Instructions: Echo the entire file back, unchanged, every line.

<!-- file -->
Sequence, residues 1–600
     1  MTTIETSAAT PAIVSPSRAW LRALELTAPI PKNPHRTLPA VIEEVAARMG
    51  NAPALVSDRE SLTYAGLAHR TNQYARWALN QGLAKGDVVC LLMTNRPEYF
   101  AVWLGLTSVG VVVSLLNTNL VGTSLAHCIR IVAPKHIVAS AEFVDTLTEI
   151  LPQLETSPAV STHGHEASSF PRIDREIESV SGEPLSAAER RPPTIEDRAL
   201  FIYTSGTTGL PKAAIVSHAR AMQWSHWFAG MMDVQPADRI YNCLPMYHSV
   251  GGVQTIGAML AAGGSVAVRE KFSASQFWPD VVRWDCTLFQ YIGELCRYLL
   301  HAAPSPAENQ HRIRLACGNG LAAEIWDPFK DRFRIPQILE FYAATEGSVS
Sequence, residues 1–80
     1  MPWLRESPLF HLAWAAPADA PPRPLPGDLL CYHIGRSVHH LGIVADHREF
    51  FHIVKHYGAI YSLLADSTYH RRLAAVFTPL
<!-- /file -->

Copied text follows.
Sequence, residues 1–600
     1  MTTIETSAAT PAIVSPSRAW LRALELTAPI PKNPHRTLPA VIEEVAARMG
    51  NAPALVSDRE SLTYAGLAHR TNQYARWALN QGLAKGDVVC LLMTNRPEYF
   101  AVWLGLTSVG VVVSLLNTNL VGTSLAHCIR IVAPKHIVAS AEFVDTLTEI
   151  LPQLETSPAV STHGHEASSF PRIDREIESV SGEPLSAAER RPPTIEDRAL
   201  FIYTSGTTGL PKAAIVSHAR AMQWSHWFAG MMDVQPADRI YNCLPMYHSV
   251  GGVQTIGAML AAGGSVAVRE KFSASQFWPD VVRWDCTLFQ YIGELCRYLL
   301  HAAPSPAENQ HRIRLACGNG LAAEIWDPFK DRFRIPQILE FYAATEGSVS
Sequence, residues 1–80
     1  MPWLRESPLF HLAWAAPADA PPRPLPGDLL CYHIGRSVHH LGIVADHREF
    51  FHIVKHYGAI YSLLADSTYH RRLAAVFTPL